From Academic Kids
He was born Flavius Romulus to Flavius Orestes, a Roman politician considered to be at least partly of Germanic descent. Orestes was appointed " master of soldiers" by Western Roman Emperor Julius Nepos in 475. On August 28, 475, a coup d'閠at led by Orestes managed to take control of the government in Ravenna (the capital of the Western Roman Empire since 402). Julius Nepos had to flee to Dalmatia. He would continue to reign there till his death in 480.
Orestes became the de facto ruler of the Roman provinces west of Dalmatia. He was not however considered eligible for the throne himself, so he proclaimed his son Emperor on October 31, 475. The proclamation was not accepted by the rival Eastern Roman Emperors Zeno and Basiliscus.
Romulus was either a child or in his early adolescence at the time of his appointment, though he acted merely as a figurehead to his father's rule. Shortly after Orestes refused to grant lands for settlement to Heruli, Scirian and Torcilingi mercenaries. A decision which led to their revolt under Germanic chieftain Odoacer. Orestes was captured near Piacenza on August 28, 476 and was swiftly executed.
Odoacer advanced to Ravenna, capturing the city along with the youthful Emperor. Romulus was compelled to abdicate the throne on September 4, 476. This act was long considered the end of the Western Roman Empire, but the Eastern Roman Empire continued until 1453. By 476 however, Rome had already lost its hegemony over the provinces, and Germanic generals like Odoacer had long been the real power behind the throne.
He is frequently known by the nickname "Romulus Augustulus." The Latin suffix -ulus is a diminutive; hence, Augustulus effectively means "the Little Augustus." However, he ruled officially as Romulus Augustus.
Unlike many of the previous late Western Roman Emperors, Romulus' life after abdication seems to have been a good one. Because of his youth, Odoacer spared his life, and sent him to the district of Campania to live with relatives. He also granted him an annual pension, which was later confirmed by Odoacer's conqueror Theodoric the Great in 507 and again in 511. Romulus founded a monastery that lasted for hundreds of years, but he does not appear to have lived to see the restoration of Roman authority in Italy in 536.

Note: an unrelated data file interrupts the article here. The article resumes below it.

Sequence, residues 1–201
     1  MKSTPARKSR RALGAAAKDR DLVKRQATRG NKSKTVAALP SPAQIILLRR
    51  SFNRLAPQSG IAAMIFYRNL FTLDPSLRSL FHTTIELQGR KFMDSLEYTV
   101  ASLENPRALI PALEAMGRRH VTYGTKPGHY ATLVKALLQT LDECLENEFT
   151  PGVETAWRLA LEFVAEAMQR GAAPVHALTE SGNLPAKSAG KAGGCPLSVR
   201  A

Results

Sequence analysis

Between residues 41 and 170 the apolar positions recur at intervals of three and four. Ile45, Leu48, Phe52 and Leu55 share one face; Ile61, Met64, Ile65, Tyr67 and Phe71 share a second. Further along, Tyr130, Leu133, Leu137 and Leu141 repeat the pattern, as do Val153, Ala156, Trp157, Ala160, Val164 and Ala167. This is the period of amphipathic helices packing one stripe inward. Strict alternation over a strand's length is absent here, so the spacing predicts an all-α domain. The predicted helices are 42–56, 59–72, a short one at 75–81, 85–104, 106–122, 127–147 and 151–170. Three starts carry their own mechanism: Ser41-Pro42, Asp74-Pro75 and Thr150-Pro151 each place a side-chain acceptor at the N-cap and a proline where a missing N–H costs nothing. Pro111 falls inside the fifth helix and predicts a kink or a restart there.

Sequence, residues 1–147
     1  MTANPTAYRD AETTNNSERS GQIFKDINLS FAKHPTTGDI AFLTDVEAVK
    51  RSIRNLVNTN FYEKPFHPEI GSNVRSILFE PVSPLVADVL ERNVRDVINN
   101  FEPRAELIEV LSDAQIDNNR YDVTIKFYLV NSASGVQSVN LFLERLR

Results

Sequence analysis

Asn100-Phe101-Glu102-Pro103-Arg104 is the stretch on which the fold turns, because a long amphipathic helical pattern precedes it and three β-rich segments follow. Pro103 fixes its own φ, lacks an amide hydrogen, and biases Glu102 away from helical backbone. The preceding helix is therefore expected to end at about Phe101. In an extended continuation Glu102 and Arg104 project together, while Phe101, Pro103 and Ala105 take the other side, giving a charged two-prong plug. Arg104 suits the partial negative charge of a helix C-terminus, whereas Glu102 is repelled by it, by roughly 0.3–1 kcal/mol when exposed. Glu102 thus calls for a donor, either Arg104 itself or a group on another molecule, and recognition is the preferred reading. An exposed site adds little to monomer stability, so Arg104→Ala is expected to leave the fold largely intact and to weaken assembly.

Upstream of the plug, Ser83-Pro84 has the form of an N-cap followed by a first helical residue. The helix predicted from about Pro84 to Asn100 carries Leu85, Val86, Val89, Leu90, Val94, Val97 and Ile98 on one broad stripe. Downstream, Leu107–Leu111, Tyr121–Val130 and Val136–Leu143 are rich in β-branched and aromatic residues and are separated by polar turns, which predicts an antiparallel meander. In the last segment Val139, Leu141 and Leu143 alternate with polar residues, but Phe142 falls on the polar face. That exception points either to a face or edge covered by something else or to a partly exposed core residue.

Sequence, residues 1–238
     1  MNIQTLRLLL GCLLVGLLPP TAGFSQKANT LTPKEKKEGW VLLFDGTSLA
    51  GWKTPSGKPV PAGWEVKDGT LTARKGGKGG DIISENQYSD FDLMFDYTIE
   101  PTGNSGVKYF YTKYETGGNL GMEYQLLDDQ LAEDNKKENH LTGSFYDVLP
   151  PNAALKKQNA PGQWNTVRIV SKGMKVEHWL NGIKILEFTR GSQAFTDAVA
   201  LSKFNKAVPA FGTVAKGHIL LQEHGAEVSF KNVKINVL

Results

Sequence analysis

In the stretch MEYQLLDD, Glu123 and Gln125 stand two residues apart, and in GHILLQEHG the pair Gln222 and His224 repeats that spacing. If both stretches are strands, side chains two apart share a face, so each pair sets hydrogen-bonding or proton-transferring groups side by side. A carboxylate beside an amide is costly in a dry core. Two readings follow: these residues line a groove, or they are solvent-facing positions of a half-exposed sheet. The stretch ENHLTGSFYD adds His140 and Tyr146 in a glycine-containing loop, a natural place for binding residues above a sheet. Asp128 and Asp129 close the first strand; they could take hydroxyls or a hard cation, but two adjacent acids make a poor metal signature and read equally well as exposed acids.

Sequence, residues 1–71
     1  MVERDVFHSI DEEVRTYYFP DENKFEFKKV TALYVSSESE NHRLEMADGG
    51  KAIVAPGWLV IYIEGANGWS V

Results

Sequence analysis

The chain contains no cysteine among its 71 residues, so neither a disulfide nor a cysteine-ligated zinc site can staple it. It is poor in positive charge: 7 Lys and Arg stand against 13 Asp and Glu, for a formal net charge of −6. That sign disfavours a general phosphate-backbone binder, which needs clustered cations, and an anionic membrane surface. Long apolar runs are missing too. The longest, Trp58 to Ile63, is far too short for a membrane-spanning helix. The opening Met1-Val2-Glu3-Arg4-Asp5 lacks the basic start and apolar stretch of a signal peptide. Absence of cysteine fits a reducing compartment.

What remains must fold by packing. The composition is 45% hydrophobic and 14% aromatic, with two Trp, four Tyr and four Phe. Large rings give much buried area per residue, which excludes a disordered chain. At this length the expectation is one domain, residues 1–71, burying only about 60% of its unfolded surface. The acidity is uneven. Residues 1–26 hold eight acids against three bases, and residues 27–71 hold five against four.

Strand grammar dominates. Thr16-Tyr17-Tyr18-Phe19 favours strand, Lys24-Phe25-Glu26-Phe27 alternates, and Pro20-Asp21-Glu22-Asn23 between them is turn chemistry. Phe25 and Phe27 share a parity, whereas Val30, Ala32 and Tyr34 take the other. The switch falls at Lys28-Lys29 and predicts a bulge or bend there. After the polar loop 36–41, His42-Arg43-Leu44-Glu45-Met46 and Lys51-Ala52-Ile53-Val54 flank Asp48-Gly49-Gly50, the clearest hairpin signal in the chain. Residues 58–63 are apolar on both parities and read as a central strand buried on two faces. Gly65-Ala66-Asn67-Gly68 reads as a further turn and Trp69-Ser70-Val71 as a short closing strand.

His legitimacy as the last Roman emperor is often questioned. He never received recognition from the Eastern Roman Emperor Zeno who continued to recognize Julius Nepos as Roman Emperor till Nepos' death in 480. However, most modern accounts consider Romulus, not Nepos, the last Western Roman Emperor.
Romulus Augustus in fiction
Romulus Augustus is the main character of Friedrich D黵renmatt's play Romulus der Gro遝 (translated to English as "Romulus"), which revolves around the last days of Romulus' emperorship. He is also one of the characters in Valerio Massimo Manfredi's book, The Last Legion.
Romulus has also appeared as an apparently immortal supervillain of the Marvel Universe, known as Tyrannus. He debuted in Incredible Hulk vol. 1 #5 (January, 1963) and has since plagued several superheroes. His most consistent enemy however has been fellow supervillain Mole Man.
- De Imperatoribus Romanis (http://www.roman-emperors.org/auggiero.htm)
- A short profile of the Marvel version of him (http://www.rapsheet.co.uk/RapSheetMain/Character.asp?UniqueId=557)
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